Not as easy for Germany as it may appear on paper. The Australians were very unlucky to lose to the Italians in the 2006 World Cup (a dubious penalty tucked away by Francesco Totti five minutes into stoppage time) and they will hope to put up a challenge for the top spot in this group. Serbia are competing in their first finals as an independent nation and have a leader in Manchester United player Nemanda Vidic. Ghana could be a team that plays open, attacking football but their defence will concede plenty of goals. Germany are quietly optimistic that they can go far in this tournament. The matches between themselves, Australia and Serbia should determine the outcome of the group.

GROUP E: NETHERLANDS, DENMARK, CAMEROON, JAPAN

This group looks to be a fairly comfortable one for the Dutch. As I reported in my blog “FIFA World Cup draw preview – Part Three” the Dutch had a very easy group in qualifying and they will look to take that form into this group. Cameroon will be a strong contender for second place and with players like Samuel Eto’o and Geremi can give the Danes a tough challenge when they meet in their second group match. Japan have improved as a nation in the last decade but won’t be expected to trouble the other three too much.

GROUP F: ITALY, PARAGUAY, NEW ZEALAND, SLOVAKIA

The current world champions Italy won’t have too much trouble getting through this group. The opening group game between themselves and Paraguay should be among one of the better ones in the group stages. Slovakia are a tough team on their day and won’t go down without a fight. However they may be just a little too inexperienced at this level and will find it tough to get to the Round of 16. New Zealand will be ecstatic to be in South Africa but their squad is very limited, therefore expect defensive tactics from a nation that will want to avoid embarrassment in this tournament.

GROUP G: BRAZIL, NORTH KOREA, IVORY COAST, PORTUGAL

There’s a 1966 World Cup feel to this group; it was Portugal who, literally, kicked Pele and his great Brazilian team off the park (Goodison Park to be precise) and it was Portugal who had to come back from 3-0 down to defeat the surprise package of the tournament North Korea 5-3. This time, though, matches in this group involving North Korea should be more clear-cut as they’re the outsiders of this tournament. The Ivory Coast, involved in a tough group including Argentina and Holland in the 2006 World Cup, will be expecting as tough a time in 2010 but some will feel that they can beat Portugal, whose qualification for the World Cup was only confirmed via a play-off. If the Ivorians can get three points against Portugal in the opening group match then they should reach the second round.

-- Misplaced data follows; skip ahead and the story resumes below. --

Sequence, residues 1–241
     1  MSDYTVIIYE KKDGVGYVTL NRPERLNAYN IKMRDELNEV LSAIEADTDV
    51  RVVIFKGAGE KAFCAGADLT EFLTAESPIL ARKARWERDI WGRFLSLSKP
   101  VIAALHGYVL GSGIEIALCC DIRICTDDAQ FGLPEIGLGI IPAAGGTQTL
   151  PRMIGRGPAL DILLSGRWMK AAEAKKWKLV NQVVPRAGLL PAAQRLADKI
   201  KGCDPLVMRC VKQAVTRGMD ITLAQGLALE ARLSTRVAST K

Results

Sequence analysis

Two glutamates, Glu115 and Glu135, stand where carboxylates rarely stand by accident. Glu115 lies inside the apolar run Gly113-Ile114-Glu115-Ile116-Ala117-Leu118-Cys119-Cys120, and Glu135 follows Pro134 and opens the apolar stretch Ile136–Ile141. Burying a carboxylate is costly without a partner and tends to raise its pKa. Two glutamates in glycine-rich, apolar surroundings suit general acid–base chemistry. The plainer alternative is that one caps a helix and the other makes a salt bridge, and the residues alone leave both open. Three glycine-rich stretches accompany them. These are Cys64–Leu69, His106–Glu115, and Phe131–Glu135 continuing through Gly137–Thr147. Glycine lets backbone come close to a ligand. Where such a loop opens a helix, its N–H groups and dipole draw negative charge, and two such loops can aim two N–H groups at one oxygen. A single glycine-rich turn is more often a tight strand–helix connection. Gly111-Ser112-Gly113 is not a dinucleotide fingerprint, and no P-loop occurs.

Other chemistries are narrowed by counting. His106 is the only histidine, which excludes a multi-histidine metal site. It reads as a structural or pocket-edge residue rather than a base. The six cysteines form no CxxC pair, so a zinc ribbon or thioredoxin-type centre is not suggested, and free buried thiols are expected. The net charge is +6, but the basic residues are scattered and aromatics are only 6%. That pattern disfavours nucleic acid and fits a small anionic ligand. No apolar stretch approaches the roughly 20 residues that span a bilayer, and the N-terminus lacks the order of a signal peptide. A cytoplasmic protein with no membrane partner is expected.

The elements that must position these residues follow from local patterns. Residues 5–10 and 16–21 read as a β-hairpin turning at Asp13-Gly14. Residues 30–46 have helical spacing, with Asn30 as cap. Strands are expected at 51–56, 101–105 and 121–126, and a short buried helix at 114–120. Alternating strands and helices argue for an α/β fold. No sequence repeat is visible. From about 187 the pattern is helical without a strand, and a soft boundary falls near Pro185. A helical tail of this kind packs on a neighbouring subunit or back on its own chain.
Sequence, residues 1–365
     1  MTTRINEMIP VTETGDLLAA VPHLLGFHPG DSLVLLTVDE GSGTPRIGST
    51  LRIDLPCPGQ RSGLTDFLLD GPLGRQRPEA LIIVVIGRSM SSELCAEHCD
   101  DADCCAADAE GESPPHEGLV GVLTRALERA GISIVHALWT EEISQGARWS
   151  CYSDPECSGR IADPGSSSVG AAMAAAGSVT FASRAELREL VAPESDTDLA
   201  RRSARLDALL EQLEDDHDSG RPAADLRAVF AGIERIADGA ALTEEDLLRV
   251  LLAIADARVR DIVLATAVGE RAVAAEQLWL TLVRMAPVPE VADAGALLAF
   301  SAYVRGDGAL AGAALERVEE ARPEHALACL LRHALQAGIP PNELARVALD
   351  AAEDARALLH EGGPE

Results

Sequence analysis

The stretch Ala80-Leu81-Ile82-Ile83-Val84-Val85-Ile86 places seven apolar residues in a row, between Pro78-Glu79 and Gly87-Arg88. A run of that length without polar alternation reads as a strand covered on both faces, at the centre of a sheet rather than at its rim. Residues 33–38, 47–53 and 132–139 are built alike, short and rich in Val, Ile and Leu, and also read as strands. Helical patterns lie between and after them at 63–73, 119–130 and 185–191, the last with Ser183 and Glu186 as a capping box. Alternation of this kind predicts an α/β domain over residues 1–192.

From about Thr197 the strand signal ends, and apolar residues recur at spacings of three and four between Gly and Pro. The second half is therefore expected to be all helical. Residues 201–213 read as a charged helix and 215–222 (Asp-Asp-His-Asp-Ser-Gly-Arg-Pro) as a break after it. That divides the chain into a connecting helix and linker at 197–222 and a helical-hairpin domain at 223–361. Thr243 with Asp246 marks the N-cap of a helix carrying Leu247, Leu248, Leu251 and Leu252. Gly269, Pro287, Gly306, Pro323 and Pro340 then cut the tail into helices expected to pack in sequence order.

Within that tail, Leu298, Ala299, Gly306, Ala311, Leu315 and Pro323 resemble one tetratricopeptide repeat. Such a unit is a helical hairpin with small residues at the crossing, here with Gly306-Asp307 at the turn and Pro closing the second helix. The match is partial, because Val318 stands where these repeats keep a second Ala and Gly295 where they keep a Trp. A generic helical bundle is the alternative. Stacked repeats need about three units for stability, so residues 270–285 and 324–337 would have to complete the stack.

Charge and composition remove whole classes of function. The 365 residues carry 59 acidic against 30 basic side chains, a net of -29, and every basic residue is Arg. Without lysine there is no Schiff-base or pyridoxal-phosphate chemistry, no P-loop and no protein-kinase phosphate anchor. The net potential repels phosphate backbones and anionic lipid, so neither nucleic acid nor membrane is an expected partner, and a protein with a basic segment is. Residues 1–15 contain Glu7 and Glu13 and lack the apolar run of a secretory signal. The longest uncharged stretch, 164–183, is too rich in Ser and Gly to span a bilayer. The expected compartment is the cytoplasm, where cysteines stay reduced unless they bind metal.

GROUP H: SPAIN, SWITZERLAND, HONDURAS, CHILE

The current European champions Spain are currently the favourites to win the FIFA World Cup and they will be encouraged further having seen the draw. They should easily overcome the challenges of their group rivals leaving the rest to fight it out for second place. Honduras qualified thanks to events elsewhere (see blog “FIFA World Cup draw preview – Part One) but aren’t expected to get through this group, therefore the match between Switzerland and Chile (both teams’ second group match) should prove to be amongst the more important.

FIFA World Cup draw preview – Part Three

Posted in International Football by peterbein on December 3, 2009
Italy 2006 World Cup

Fabio Cannavaro lifts the World Cup for Italy in 2006

In the final part of our build up to tomorrow’s FIFA World Cup finals draw “Stoppage Time” looks at those teams that qualified from Europe:

DENMARK – Winners of Europe Group One; FIFA World Ranking = 26*

The Danes qualified from a tough group including Portugal, Hungary and arch-rivals and neighbours Sweden. Although not expected to win the competition Morten Olsen’s men will prove tough opponents and history has proven that anybody that takes the Danes lightly does so at their peril.

PORTUGAL – 2nd in Europe Group One (won in play-off); FIFA World Ranking = 5

Portugal were in danger of not even getting a play-off place after a dreadful start to the campaign. A strong finish saw them placed second, one point ahead of Sweden and Hungary. In the play-off they then beat Bosnia-Herzogovina 1-0 in each leg; Bruno Alves deciding the first game in their favour, Raul Meireles scoring the only goal in the second leg.

SWITZERLAND – Winners of Europe Group Two; FIFA World Ranking = 18